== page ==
Lamont, Ganim propose 3-D gun bans

Lamont, Ganim propose 3-D gun bans

Gun Rights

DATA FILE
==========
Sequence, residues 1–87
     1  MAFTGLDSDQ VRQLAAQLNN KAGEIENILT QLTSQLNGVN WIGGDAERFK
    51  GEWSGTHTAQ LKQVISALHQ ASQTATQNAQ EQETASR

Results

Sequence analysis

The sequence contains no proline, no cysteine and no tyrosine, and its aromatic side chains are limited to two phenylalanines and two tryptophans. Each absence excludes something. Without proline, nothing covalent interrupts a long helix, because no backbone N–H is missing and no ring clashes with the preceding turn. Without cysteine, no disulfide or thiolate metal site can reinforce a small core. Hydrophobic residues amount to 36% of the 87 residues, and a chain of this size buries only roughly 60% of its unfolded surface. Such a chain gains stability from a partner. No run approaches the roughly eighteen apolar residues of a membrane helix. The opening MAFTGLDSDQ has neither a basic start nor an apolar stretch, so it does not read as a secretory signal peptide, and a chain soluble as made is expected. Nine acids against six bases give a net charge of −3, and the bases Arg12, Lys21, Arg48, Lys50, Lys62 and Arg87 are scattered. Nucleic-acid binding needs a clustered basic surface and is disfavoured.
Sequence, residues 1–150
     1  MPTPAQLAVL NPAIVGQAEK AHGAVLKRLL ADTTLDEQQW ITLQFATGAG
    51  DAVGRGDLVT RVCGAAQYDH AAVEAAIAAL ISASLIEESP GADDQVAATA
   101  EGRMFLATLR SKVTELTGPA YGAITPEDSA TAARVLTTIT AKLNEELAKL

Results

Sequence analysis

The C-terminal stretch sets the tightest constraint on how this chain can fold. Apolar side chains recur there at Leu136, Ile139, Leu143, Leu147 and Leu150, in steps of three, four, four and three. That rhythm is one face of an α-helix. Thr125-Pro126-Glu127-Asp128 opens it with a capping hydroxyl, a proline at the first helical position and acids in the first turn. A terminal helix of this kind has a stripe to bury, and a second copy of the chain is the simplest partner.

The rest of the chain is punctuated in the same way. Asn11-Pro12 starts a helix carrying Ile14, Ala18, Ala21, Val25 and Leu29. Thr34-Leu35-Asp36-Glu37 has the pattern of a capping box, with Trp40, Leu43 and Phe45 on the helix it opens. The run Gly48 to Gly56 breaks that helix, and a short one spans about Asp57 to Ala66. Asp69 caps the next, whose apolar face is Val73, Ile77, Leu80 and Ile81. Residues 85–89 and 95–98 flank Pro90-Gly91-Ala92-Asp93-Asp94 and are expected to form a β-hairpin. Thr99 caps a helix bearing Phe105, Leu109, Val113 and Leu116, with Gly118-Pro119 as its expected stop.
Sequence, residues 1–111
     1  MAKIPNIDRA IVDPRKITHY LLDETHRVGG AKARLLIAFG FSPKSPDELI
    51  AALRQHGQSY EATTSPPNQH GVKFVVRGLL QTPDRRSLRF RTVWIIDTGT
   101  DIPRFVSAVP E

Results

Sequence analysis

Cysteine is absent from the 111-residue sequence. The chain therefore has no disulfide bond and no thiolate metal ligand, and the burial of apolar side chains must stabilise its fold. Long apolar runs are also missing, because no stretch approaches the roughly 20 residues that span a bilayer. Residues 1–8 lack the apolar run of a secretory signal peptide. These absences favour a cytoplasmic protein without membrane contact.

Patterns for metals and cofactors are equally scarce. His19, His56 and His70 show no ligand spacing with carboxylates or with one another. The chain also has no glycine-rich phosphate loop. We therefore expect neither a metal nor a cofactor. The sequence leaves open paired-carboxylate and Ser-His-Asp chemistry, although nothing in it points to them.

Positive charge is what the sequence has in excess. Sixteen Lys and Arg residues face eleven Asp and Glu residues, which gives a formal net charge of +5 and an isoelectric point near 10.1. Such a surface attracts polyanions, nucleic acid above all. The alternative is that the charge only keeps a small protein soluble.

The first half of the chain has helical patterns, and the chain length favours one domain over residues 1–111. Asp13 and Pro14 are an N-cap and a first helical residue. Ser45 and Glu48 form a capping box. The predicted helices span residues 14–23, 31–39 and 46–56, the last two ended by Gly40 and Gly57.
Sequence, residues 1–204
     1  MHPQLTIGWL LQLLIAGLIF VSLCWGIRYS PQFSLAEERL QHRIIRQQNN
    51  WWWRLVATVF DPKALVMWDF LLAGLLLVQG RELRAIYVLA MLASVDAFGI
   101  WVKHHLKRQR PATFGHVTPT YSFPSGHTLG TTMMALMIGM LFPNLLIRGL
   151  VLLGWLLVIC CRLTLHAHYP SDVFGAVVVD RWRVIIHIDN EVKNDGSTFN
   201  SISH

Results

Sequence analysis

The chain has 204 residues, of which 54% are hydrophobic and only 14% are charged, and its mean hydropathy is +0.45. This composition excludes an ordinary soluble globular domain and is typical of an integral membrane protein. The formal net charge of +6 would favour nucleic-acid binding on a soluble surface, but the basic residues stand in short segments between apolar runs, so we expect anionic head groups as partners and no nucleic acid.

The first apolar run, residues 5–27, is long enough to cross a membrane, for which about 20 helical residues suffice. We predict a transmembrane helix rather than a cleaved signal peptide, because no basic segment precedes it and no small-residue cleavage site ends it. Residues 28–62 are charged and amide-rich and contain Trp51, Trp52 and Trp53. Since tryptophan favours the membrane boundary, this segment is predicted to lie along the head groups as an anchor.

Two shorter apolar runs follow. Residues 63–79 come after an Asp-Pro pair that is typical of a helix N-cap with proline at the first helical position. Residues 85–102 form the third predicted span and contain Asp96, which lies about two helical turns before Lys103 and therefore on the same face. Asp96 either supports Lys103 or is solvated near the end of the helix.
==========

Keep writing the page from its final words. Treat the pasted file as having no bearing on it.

Connecticut does not have a state law that explicitly forbids ownership of plastic, untraceable “ghost guns,” but in the light of a recent federal settlement that could allow blueprints for 3-D printed guns to go online, Democrats are renewing calls to pass such a ban. A federal judge Tuesday night issued a temporary national injunction preventing a man from posting download-able blueprints for 3-D printing a gun on the internet. Democratic endorsed candidates Ned Lamont, running for governor, William Tong, running for attorney general, and Shawn Wooden, running for treasurer, stood next to a 3-D printer in Hartford Public Library Wednesday and urged the state legislature to prevent the machine from becoming a weapons manufacturer. “What we’re seeing now with ghost guns and 3-D printing is the way we’re trying to enforce our existing laws and make them relevant to the 21st century,” said Lamont. “This is an enormous end run around what we’re trying to do in terms of protecting our streets.” Meanwhile Lamont’s opponent in this months’ Democratic gubernatorial primary, Bridgeport Mayor Joe Ganim, held his own press conference Wednesday to pledge that his city would pursue a local ghost gun ban until state legislators take action. “The invisibility of it, the undetectability of it … is of grave concern,” said Ganim, flanked by a small group of state legislators, City Council members and police personnel. The General Assembly’s Judiciary Committee considered a bill this spring that would have prohibited people from creating or assembling a gun […]

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